Reference can also be made to the article “Modified switched power converter with zero ripple”, IEEE 1990. Here, ripple compensation is based on the use of an analog controlled current source which is intended to inject a current into the load which is equal and opposite to the ripple current due to the switching circuit.

More particularly, according to this technology, a feedback loop is used, which relies on the measuring of the output voltage that is applied to the load. The injected current is thus controlled in order to reduce or eliminate the difference between a desired load current and the current from the switching circuit.

However, the error should be kept as small as possible such that this technology relies on the control of a small signal that can be easily affected by noise. In addition, this technology needs to provide a large gain to generate the compensating current. At last, this technology requires a fast and precise current sense which is generally costly and difficult to lay out.

There is therefore a need for systems and methods for compensating ripple current and improved ripple compensators and switching converters capable of compensating ripple current.

SUMMARY

The present disclosure generally provides a systems and methods for compensating ripple current and improved ripple compensators and switching converters capable of compensating ripple current.

In one embodiment, the present disclosure provides a ripple compensator for use in a switching converter. The switching converter could include a switch and a first filter. The ripple compensator could include a circuit to inject a compensating current such that the AC component of the switching current issued from the switch and the compensating current are in opposite phase. The compensating current is elaborated from a signal at a node between the switch and the first filter.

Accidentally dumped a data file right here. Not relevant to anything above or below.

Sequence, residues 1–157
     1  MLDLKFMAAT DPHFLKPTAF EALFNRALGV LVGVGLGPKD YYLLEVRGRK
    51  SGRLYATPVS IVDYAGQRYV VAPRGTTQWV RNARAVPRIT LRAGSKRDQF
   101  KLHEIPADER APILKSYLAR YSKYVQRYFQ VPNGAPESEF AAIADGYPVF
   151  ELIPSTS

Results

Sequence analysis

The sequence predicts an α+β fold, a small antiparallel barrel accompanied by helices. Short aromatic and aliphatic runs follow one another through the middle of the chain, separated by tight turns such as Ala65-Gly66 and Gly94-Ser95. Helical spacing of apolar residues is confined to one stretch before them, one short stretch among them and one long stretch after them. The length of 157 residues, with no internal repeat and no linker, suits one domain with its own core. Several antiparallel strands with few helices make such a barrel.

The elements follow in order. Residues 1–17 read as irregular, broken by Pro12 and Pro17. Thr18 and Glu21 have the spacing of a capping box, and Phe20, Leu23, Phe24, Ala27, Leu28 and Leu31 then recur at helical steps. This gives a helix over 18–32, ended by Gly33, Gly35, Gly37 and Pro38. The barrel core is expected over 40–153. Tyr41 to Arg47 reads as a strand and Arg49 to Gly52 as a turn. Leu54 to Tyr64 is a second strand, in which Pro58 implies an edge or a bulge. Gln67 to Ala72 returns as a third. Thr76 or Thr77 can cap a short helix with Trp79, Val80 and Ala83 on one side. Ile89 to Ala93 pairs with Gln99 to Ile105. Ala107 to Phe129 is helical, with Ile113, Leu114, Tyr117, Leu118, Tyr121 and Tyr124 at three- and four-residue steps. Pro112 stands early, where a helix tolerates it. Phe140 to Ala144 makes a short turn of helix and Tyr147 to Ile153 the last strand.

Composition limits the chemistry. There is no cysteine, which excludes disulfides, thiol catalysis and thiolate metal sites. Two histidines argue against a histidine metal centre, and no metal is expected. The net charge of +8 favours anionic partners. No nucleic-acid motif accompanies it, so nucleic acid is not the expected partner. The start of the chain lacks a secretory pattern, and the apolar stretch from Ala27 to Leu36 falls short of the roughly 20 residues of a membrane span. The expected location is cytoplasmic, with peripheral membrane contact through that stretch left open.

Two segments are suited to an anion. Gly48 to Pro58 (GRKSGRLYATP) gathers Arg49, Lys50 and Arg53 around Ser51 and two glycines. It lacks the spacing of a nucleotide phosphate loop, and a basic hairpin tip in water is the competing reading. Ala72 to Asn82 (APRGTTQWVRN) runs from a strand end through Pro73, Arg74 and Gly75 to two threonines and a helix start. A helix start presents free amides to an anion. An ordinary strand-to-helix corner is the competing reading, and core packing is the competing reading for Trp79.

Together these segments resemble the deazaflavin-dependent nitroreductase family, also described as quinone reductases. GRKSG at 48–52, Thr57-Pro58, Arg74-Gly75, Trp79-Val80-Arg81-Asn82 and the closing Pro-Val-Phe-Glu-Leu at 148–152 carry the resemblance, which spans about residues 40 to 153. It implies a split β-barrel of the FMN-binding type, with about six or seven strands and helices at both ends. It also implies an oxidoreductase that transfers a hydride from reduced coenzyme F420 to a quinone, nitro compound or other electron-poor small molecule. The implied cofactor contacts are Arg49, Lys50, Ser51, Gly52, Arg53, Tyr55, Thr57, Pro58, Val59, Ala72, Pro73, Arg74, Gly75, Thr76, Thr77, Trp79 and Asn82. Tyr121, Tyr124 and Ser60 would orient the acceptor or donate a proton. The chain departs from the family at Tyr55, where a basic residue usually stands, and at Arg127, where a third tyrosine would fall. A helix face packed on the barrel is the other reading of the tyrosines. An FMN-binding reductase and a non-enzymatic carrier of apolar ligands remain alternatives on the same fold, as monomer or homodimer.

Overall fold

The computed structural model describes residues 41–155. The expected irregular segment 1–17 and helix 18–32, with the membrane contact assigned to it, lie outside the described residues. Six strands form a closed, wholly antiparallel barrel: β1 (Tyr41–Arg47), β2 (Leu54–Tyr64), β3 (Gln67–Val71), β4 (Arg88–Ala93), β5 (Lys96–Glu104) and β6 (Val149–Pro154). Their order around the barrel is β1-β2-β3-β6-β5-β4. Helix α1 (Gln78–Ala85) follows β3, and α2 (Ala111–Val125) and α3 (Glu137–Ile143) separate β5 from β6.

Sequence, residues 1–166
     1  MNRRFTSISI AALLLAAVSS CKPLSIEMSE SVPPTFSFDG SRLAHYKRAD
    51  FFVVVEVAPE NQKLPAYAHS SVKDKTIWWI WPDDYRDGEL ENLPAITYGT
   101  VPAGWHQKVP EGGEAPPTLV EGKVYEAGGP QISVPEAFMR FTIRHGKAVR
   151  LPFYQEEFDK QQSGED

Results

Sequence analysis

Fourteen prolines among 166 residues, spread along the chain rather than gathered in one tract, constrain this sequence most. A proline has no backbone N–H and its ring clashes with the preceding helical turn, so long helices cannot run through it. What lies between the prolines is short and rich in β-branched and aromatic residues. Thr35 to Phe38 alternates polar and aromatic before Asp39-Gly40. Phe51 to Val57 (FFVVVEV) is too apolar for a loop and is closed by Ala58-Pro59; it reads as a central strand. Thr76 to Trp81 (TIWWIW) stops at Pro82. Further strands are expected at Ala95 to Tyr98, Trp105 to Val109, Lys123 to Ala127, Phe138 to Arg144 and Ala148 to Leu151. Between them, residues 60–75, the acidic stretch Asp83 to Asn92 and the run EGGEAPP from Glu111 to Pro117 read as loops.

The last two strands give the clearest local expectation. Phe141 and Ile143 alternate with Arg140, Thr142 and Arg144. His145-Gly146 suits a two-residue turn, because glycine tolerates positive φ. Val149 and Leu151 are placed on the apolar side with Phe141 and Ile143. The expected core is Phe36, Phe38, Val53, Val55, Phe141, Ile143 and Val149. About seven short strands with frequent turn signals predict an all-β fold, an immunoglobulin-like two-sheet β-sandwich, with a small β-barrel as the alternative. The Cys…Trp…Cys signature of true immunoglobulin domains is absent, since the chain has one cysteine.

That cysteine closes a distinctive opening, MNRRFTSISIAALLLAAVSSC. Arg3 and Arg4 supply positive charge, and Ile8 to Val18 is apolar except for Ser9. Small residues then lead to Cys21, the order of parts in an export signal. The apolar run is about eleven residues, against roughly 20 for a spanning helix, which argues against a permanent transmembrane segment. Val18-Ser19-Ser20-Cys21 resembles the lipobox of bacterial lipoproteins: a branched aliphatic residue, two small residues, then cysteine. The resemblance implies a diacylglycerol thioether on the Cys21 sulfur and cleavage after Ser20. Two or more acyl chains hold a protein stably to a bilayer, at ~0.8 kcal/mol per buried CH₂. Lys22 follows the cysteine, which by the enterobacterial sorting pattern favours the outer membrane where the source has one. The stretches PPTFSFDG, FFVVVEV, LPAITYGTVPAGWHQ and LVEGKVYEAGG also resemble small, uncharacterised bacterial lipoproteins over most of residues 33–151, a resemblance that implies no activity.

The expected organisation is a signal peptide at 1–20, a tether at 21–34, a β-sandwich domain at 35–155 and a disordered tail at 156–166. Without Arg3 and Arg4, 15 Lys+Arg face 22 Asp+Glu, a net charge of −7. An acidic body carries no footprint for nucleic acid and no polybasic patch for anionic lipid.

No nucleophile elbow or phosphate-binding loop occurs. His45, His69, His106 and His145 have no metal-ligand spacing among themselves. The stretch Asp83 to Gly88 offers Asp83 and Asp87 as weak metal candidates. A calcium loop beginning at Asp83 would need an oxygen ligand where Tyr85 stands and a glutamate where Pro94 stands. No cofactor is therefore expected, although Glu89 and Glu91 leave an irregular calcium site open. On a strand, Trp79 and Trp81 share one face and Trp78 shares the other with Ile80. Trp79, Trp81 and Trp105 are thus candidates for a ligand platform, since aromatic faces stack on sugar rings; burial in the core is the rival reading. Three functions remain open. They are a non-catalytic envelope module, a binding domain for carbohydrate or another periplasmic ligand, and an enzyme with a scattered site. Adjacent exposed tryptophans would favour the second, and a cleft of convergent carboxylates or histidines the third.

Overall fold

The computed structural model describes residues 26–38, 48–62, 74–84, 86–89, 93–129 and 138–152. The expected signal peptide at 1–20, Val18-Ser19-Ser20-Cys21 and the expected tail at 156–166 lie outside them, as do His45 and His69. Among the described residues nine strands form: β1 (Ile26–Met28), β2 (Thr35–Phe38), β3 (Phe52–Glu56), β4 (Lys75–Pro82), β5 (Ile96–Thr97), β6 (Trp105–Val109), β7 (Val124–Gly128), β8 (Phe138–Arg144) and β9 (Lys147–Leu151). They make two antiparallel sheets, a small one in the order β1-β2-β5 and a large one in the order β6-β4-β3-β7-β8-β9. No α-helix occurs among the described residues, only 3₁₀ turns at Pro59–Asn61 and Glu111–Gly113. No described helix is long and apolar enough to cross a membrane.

In another embodiment, the present disclosure provides a method of compensating ripple comprising injecting a compensating current for use in a switching converter having a switch and a first filter. An AC component of the switching current issued from the switch and the compensating current are could be in opposite phase. In addition, the compensating current is elaborated from a signal at a node between the switch and the first filter.

In still another embodiment, the present disclosure provides a switching converter. The switching converter could include a switch, a first filter, and a circuit to inject a compensating current such that the AC component of a switching current issued from the switch and the compensating current are in opposite phase. The compensating current is elaborated from a signal at a node between the switch and the first filter.

Other technical features may be readily apparent to one skilled in the art from the following figures, descriptions and claims.

BRIEF DESCRIPTION OF THE DRAWINGS

For a more complete understanding of this disclosure and its features, reference is now made to the following description, taken in conjunction with the accompanying drawings, in which:

FIG. 1 illustrates schematically a conventional DC/DC switching converter;

FIG. 2 illustrates exemplary waveforms of the relevant signals of the circuit shown in FIG. 1;

FIG. 3 illustrates schematically a DC/DC switching converter provided with a ripple compensator according to one embodiment of the present disclosure;

FIG. 4 illustrates exemplary waveforms of the relevant signals of the circuit of FIG. 3;

FIG. 5 illustrates the implementation of a ripple compensator according to one embodiment of the present disclosure;

FIG. 6 is a Bode diagram of a coil current within the filtering means and of the compensating current according to one embodiment of the present disclosure;

FIG. 7 illustrates the exemplary variation of the output voltage of the DC/DC switching converter as a function of time when the ripple compensator is enabled, on the one hand, and disabled, on the other hand, according to one embodiment of the present disclosure;

FIG. 8 illustrates another embodiment of a ripple compensator according to one embodiment of the present disclosure; and

FIG. 9 illustrates exemplary waveforms of relevant signals of the embodiment shown in FIG. 8.

DETAILED DESCRIPTION

Referring to FIG. 1, a conventional DC/DC switching converter is disclosed. As illustrated, the converter, denoted by numeral reference 1, comprises a DC supply voltage source 2 consisting in a battery; switching means 3 either in an ON-state or in an OFF-state under the control of a driver 4 receiving a control signal VCTRL, and filtering means constituted by a LC output filter.